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Copper Review: Turncoats and Petticoats

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This week on Copper, "The Hudson River School" takes on turncoats and petticoats; rebel spies and matters concerning the women of Five Points.

Partying on Copper

Morehouse makes himself useful for the first time in a long time by sniffing out the Confederate spies posing as Canadian businessmen. It's the kind of task that Morehouse is well-suited for – it involves drinking, frequenting Eva's establishment and idle but revealing small talk. But Morehouse, as usual, is tempted by the dark side.

Will he help these men if it's to his advantage? We'll have to stay tuned to find out.

Meanwhile, Elizabeth and Corky bask in their new found relationship. I'm honestly not a huge fan of them getting together so soon. I wanted more time for their sexual tension to build. But maybe I'll get my wish. Their relationship quickly finds itself on the rocks when Corky discovers where Elizabeth really sent Annie. Again, Morehouse is waiting in the shadows to take advantage of a wounded Elizabeth. 

I actually like that Elizabeth made the mistake of sending Annie with her Reilly. It makes her seriously flawed – the high-minded noblewoman who took in a troubled child more for social martyrdom than the good of the child. She couldn't really care for Annie or she wouldn't have given her up so easily. Of course, she gets points for trying to get Annie back, but she's still not the goody two-shoes she seems to be.

I think Annie has also improved. Over the past two Copper episodes she's become much more realistic. At least this time she actually had a reaction when she killed a man. Still, it seems the show is determined to make her creepy. Part of thinks the scene where she watches Eva and Corky have sex is an interesting way to depict her infatuation with Corcoran, but the other part of me thinks it's unnecessary.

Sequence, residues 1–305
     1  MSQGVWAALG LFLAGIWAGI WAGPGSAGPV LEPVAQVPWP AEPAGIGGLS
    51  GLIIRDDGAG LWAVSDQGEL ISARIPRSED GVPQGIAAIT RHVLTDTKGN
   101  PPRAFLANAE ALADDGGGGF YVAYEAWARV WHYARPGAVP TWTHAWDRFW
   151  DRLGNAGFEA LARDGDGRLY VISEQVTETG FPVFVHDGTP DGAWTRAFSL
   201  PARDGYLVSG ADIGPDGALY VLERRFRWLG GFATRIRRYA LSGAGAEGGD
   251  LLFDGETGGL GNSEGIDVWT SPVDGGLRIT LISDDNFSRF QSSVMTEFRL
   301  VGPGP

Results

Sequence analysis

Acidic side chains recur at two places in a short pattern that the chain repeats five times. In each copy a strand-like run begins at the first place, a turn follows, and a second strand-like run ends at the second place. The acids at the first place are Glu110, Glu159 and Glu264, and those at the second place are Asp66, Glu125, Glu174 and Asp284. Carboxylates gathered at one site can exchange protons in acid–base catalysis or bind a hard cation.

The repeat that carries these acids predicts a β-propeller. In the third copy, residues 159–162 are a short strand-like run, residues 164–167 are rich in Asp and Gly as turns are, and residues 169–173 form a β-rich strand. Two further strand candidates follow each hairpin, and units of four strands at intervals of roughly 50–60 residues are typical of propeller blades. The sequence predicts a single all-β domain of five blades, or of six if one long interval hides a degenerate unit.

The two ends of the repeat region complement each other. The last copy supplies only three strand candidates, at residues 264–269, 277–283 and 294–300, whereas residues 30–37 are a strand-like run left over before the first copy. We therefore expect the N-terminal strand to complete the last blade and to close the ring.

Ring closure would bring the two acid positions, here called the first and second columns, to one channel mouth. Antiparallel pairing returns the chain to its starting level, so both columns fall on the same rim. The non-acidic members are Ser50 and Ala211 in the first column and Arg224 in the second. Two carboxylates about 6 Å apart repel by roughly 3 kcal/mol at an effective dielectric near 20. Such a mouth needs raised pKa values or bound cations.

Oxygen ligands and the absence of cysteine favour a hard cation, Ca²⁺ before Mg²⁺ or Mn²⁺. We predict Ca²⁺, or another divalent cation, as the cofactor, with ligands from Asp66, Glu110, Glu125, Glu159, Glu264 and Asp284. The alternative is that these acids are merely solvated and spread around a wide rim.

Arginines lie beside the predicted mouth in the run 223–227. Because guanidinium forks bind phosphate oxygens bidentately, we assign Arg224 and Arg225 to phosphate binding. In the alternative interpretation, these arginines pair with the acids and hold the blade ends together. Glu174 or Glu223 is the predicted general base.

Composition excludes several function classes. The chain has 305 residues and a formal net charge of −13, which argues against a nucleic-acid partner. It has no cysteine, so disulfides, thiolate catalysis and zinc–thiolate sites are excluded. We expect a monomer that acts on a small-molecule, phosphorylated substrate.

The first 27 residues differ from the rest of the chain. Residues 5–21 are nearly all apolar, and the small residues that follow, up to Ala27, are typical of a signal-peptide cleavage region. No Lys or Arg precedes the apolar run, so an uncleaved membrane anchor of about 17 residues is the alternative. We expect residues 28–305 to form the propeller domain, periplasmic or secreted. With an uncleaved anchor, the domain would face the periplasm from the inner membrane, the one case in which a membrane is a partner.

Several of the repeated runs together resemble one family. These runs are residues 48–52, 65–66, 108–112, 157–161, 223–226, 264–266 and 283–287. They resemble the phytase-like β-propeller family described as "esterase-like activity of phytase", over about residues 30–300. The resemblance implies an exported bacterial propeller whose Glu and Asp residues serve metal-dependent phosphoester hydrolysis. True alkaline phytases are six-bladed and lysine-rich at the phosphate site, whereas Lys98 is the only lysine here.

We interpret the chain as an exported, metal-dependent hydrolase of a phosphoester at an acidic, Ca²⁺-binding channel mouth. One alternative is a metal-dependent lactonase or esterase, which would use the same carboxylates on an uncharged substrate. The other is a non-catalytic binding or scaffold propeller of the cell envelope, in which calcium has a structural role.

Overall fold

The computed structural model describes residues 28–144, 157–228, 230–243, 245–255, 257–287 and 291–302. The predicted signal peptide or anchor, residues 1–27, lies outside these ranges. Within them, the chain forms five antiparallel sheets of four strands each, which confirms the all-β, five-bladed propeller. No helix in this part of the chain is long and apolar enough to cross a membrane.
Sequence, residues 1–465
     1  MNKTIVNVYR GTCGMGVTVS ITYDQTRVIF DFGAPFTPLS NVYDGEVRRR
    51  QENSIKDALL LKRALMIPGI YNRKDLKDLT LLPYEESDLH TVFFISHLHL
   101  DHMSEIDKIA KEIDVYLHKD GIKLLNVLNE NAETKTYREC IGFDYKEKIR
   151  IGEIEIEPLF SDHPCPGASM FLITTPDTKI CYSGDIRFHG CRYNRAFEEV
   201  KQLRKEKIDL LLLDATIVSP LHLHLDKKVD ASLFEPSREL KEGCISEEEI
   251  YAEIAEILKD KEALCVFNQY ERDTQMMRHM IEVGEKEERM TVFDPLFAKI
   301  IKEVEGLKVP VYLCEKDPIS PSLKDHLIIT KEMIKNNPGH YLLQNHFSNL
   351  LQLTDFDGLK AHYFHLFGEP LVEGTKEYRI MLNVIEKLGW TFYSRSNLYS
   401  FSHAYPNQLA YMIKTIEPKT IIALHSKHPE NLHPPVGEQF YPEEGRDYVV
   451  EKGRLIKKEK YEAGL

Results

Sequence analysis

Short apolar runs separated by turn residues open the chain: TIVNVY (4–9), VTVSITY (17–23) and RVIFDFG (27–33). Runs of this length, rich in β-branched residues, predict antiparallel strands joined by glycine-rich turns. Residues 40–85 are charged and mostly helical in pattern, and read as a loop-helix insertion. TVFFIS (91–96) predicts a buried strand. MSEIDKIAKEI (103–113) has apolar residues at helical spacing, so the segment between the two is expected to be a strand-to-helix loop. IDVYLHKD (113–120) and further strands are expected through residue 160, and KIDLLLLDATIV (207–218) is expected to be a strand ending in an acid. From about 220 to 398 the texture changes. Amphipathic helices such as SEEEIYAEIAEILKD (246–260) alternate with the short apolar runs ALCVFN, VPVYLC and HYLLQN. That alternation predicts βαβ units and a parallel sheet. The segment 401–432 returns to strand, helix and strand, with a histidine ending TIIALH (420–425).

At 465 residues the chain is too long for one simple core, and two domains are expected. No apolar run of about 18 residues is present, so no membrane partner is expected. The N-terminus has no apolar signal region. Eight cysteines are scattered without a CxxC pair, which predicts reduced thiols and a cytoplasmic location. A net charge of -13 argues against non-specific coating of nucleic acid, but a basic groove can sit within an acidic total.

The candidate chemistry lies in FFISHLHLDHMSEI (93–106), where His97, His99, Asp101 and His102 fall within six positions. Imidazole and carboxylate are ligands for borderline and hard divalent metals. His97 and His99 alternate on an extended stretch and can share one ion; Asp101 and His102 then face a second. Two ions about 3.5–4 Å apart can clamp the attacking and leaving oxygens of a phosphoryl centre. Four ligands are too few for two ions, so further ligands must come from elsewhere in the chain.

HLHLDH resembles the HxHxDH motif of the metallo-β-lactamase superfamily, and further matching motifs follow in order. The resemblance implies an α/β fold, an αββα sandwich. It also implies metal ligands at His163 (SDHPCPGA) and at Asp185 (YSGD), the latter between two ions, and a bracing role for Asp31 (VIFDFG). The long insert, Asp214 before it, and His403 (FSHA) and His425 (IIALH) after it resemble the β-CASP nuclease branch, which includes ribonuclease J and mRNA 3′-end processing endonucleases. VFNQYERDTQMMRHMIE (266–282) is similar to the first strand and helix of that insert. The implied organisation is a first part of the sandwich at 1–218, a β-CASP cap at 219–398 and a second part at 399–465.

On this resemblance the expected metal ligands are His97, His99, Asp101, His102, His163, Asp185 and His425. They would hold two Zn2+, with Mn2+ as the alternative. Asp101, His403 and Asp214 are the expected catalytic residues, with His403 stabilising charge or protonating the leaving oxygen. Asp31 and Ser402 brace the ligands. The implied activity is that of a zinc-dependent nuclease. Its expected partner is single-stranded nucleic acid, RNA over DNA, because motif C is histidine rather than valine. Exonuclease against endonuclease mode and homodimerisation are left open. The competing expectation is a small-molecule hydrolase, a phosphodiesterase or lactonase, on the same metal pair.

Overall, it was a fine episode that feels like it's building to something bigger. Still, there are two really minor loose ends that I can't let go of from tonight's episode:

  1. The title: is it just because Corky chose not to slash the Hudson River School painting?
  2. Corky doing sit ups. Did sit ups exist in the 19th century? 

Review

Editor Rating: 4.0 / 5.0
  • 4.0 / 5.0
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User Rating:

Rating: 4.9 / 5.0 (11 Votes)
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    what about McGuire? Why was he lurking outside of Morehouse's house? Spying on Elizabeth? Spying on Morehouse? Just gone insane?

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    Review continuity issue: In the last review, you said: "Unlike the rest of Copper, which aims for a semblance of accuracy, Annie seems to be entirely a figment of the writers' imaginations at this point." In this review, you state: "Over the past two episodes she's become much more realistic." ***
    As for the episode: 5 stars. I also don't consider Annie creepy at all. In fact, again, I think she's well written and the actress playing her is fantastic. As for your questions: 1. I believe there's a deeper meaning involving Romanticism. If you look up the movement, I think the correlations are obvious. 2. Short answer: Yes. Merriam Webster puts the first known use of the word at 1938, BUT... abdominal exercises have been around a very long time. Don't forget, Corky was also a boxer.